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malins

Stumbling Seeker
1532: Turkish troops enslaving Austrian or Hungarian villagers
This pamphlet from the 1530's actually in the middle part is based on a description from 'Tractatus de moribus, condicionibus et nequitia Turcorum' which was published in 1481 by an escaped Ottoman slave. So the reference to Mohacs (1526) in the pamphlet is actually updating an older account to the then-present.

Quick, non-professional paraphrasing of the pamphlet text in English:

How the Turks trade with captive Christians, as in buying and selling them.​
I, Marx Eysenkern of Pada, have myself personally, under great pain, experienced the above depicted inhumane treatment and trade with captive Christians.​
In fact, for five years and three months, since the battle at Mohacs where King Louis of Hungary was slain, at this time being in my 26th year, I was led away captive, together with the others, bound and driven like cattle or hounds, which however in some ways had it better than we did.​
We were divided from each other, into many groups, some to the town, others to such fate as I describe.: Until I was bought and sold four times.​
But after such time and much miserable suffering I was delivered through the succor and mercy of God the Almighty whom I can for all my life not give enough praise and gratitude. Through this miraculous deliverance I could once more return to my home country which is indeed I see in many places bedeviled by the most wretched and pitiful pain, may God have mercy on these poor people.​
The how and what of the things that befell me in this time, would be a remarkable story of which I will not write at this point.​
In following this is the way captive Christians were held. The great merchants would receive freedom from the Turkish Emperor, because they give to him the tithe, in shape of the young boys, at 10, 12 and 15 years of age. The other captive Christians are sold, bought, pawned, or pledged as security, after the display of their prerogatives [?]. They also go to the encampments with their followers and buy from the soldiery. They bind and coffle them and drive them back all the way to their land.​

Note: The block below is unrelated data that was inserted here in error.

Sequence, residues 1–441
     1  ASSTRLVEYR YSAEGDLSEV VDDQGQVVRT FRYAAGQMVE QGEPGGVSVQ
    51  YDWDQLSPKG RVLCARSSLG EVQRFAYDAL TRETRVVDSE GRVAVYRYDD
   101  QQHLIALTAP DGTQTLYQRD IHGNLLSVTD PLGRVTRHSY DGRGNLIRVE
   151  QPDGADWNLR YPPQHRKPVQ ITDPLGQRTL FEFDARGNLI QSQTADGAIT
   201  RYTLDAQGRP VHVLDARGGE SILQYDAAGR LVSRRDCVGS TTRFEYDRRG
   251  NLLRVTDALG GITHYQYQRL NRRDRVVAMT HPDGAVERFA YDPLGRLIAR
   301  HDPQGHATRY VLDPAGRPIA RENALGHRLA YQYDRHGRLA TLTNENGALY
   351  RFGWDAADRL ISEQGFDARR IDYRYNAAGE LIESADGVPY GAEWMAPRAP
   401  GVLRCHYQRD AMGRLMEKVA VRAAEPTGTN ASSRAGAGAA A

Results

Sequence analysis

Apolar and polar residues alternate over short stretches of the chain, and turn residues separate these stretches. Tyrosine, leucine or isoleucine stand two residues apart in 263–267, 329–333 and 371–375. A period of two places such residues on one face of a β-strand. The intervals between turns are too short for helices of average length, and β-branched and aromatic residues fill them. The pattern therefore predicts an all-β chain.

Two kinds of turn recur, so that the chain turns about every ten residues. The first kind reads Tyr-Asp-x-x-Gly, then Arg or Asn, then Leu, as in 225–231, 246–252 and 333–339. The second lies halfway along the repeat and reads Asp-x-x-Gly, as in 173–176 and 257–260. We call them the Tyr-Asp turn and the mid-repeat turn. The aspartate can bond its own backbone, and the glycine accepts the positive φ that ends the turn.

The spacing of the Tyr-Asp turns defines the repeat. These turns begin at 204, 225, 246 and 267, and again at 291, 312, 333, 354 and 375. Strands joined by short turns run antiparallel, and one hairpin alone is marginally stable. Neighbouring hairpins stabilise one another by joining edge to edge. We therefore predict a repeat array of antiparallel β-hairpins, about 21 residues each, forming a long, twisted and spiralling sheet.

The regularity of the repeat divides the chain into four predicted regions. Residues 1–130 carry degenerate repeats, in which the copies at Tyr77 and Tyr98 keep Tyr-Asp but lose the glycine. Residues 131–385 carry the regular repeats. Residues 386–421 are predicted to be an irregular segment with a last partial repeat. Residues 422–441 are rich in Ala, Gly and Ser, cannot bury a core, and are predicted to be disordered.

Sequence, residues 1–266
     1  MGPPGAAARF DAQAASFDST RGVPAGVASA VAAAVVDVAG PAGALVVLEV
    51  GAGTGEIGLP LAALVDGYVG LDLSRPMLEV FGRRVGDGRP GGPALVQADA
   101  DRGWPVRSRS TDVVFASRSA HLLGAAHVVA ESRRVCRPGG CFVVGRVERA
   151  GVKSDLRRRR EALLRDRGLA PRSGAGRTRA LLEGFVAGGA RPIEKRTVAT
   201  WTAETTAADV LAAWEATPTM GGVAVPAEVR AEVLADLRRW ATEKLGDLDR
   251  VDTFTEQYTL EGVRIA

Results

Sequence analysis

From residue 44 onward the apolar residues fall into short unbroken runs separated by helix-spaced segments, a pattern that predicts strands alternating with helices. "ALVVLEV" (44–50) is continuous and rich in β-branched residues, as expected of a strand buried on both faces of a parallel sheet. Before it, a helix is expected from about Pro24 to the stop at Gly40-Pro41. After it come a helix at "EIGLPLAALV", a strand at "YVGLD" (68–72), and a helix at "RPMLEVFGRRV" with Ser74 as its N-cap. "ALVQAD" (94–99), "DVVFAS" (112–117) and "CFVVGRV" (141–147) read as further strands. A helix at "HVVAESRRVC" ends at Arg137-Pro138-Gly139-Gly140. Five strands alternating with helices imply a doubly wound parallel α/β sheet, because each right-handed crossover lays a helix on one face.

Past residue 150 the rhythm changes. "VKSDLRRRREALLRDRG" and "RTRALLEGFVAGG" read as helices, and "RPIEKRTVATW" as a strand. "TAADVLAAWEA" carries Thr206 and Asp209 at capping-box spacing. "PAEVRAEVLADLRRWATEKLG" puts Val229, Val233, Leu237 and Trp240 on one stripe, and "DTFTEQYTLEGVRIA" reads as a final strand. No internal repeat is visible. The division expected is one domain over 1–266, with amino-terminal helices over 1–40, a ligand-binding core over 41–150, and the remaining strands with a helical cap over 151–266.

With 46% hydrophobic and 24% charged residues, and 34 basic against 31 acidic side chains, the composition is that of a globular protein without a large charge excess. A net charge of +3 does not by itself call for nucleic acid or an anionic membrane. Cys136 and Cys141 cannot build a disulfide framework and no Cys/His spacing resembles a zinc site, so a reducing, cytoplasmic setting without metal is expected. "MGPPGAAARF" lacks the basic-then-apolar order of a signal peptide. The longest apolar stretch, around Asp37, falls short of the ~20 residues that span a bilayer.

Once there, in every town there is a place dedicated to such captives,​
where the Turkish merchants can for hours inspect them with all their natural gifts and properties.​
Even mothers will be stripped naked, women, and one would also not spare a virgin.​
So they must jump and run in that place, so that any defect should be seen in public -​
whether it is a healthy or sick, crooked or lame one.​
And if there should be a bashful one, it will be forced to do so with rod and scourge.​
There is also no respect for rank, dignity, honor, or ability of any kind - the peasant counts as much as the nobleman, and so forth.​
If for instance a person is then sold into the house of some hopeless scoundrel,​
all work of the entire household is laid upon them,​
which they must bear with great hunger, thirst, cold as well as heat, above that often being scourged.​
Should they become aware of one trying to escape such misery and despair, the Turks will at one make use of all cruelty.​
Such as chains around the neck, or balls and chain around the feet, or burning the sciatic nerve to make them lame.​
Many, they cut their noses and ears off, that they be disfigured, and that they should be known as captives where-ever they would go.​
Or they burn them through the cheeks or brand their brow, and many even are beaten to death.​
All the above I Marx Eysenkern have wanted to put down in word and image (since I cannot forget what the poor wretches had to bear and suffer). Such gruesome acts should remind any pious Christian to have pity for those who are still captives of the Turks and have no comfort other than what hope they have in God's help. Therefore young and old should hold them in their thoughts and pray for them, to God Almighty that he might share with them his mercy and charity and deliver them from endless bondage Amen.​
Niclas Meldeman, at Nuremberg, by the long bridge.​

There's an obvious break ... the middle part, about the slave market, slave punishments etc. is basically a recounting from the Tractatus, surrounded by the Eysenkern testimony. A bit of background on the Tractatus in the attached PDF.
 

Attachments

  • Fr.GeorgiusDeHungaria+Tractatus.pdf
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Loxuru

Graf von Kreuzigung
This pamphlet from the 1530's actually in the middle part is based on a description from 'Tractatus de moribus, condicionibus et nequitia Turcorum' which was published in 1481 by an escaped Ottoman slave. So the reference to Mohacs (1526) in the pamphlet is actually updating an older account to the then-present.